Julian Ku

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Julian Ku is the Maurice A. Deane Distinguished Professor of Constitutional Law at Hofstra University School of Law. He is a co-founder of Opinio Juris, the leading blog on international law.

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The Detention of Huawei’s CFO is Legally Justified. Why Doesn’t the U.S. Say So?

The detention of a top executive from Chinese technology giant Huawei shocked financial markets around the world last week as investors worried that the arrest would derail U.S.-China trade talks. But the detention of Huawei chief financial officer Meng Wanzhou in Canada, pending her extradition to the U.S., has grown from a trade irritant to a full-blown diplomatic crisis. Over the weekend, the Chinese government threatened both Canada and the U.S.


Why China’s Disappearance of Interpol’s Chief Matters

Even seasoned China-watchers were startled last week when news broke that Meng Hongwei, the vice minister of China’s chief law-enforcement ministry, had disappeared. Meng is not just a high-level government official. As chief of Interpol, he is arguably the highest-profile Chinese leader of an international organization.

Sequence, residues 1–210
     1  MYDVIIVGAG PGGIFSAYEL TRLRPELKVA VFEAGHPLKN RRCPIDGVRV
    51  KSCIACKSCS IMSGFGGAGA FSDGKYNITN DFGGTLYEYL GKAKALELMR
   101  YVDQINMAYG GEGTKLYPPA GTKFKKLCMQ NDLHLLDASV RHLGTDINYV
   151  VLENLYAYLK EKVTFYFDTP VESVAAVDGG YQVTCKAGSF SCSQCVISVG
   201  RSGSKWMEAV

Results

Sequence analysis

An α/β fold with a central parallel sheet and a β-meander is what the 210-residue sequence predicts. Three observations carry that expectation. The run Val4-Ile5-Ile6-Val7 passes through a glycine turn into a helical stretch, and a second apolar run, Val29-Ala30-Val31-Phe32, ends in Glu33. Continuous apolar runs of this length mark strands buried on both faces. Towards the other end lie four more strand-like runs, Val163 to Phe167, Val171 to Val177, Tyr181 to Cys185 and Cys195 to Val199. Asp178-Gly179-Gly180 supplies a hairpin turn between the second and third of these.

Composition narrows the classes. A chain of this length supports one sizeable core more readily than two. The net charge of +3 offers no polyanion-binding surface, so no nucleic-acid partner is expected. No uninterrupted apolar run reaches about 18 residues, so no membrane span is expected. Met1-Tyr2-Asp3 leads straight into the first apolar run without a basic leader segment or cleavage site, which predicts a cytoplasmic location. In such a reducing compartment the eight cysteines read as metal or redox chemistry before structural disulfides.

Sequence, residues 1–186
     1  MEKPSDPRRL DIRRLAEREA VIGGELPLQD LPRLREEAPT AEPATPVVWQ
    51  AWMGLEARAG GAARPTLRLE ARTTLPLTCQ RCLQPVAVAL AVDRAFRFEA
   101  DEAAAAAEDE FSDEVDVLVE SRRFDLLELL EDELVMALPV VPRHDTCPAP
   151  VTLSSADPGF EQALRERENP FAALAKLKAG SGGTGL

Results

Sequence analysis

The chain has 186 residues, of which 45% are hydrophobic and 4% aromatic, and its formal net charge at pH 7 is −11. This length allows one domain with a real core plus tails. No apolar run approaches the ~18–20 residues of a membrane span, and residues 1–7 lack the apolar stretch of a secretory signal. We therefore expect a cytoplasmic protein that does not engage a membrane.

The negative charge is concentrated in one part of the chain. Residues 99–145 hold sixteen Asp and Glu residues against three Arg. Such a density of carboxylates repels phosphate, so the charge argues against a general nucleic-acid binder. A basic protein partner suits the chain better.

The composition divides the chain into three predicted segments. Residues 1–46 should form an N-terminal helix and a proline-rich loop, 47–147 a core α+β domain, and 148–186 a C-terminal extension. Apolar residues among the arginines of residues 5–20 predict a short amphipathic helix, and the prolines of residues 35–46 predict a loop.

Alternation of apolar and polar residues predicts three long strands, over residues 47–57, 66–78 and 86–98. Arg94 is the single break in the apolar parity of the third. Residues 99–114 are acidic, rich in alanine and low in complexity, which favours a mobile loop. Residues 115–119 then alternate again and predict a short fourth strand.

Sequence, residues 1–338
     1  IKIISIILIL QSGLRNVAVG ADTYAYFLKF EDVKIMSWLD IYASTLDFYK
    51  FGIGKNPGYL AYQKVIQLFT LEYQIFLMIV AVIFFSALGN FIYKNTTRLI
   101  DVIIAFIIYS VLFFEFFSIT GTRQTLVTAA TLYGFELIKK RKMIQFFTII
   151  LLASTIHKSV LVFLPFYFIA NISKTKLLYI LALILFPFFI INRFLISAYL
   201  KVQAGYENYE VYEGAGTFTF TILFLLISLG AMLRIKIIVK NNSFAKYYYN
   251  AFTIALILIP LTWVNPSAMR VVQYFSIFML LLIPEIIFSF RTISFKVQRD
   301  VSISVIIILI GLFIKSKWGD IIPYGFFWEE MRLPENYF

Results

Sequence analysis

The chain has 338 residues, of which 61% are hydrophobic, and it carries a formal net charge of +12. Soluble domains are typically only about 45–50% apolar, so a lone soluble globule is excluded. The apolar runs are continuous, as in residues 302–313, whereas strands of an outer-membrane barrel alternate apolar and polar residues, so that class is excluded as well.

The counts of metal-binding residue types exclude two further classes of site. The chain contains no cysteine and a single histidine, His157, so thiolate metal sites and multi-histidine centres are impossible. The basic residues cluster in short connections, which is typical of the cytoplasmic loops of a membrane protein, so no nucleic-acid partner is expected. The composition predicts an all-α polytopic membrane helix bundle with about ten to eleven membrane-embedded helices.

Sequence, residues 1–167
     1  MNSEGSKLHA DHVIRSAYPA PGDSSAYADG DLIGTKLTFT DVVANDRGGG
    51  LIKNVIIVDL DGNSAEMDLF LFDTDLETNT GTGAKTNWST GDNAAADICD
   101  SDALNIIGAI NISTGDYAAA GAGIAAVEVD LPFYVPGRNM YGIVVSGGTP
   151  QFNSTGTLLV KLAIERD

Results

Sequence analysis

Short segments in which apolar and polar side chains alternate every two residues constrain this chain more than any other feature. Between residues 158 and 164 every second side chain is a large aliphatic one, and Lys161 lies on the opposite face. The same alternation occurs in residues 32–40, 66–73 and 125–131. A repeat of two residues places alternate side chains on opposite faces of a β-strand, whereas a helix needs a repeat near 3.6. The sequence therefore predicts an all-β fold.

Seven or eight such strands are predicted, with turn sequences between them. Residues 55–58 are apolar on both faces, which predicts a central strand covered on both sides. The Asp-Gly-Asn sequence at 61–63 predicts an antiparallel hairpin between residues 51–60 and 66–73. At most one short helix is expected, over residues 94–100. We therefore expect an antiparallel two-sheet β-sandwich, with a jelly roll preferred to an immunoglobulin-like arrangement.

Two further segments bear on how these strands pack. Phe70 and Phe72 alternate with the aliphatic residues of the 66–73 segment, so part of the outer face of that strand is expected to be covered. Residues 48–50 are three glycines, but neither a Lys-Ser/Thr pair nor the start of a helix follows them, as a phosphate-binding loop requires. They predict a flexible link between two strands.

South China Sea

It’s Time for South China Sea Economic Sanctions

The most recent U.S. freedom-of-navigation operation (FONOP) in the South China Sea garnered the usual global headlines, but it also shows how ineffective such operations have been in deterring Chinese actions in the region. It was so inconsequential that the Chinese Ministry of Foreign Affairs could not even be bothered to come up with new phrases in what is now a ritualized denunciation.

Asia Pacific

Ignore the Hype: The Taiwan Travel Act is Legally Binding

Last Friday, President Trump signed into law the Taiwan Travel Act, which makes it a U.S. policy to allow high-level meetings between Taiwan and U.S. government officials. News reports about the law have often described it as “non-binding.” This “not legally binding” view is widely shared, including by China’s Ministry of Foreign Affairs. But this reading is not quite right.